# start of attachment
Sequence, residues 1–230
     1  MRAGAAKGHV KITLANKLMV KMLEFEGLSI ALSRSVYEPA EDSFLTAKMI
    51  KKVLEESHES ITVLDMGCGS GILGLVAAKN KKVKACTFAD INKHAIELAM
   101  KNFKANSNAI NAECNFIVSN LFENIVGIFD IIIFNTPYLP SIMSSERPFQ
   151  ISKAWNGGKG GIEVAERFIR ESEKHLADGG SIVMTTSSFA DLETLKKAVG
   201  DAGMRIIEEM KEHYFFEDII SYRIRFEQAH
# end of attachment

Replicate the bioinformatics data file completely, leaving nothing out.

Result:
Sequence, residues 1–230
     1  MRAGAAKGHV KITLANKLMV KMLEFEGLSI ALSRSVYEPA EDSFLTAKMI
    51  KKVLEESHES ITVLDMGCGS GILGLVAAKN KKVKACTFAD INKHAIELAM
   101  KNFKANSNAI NAECNFIVSN LFENIVGIFD IIIFNTPYLP SIMSSERPFQ
   151  ISKAWNGGKG GIEVAERFIR ESEKHLADGG SIVMTTSSFA DLETLKKAVG
   201  DAGMRIIEEM KEHYFFEDII SYRIRFEQAH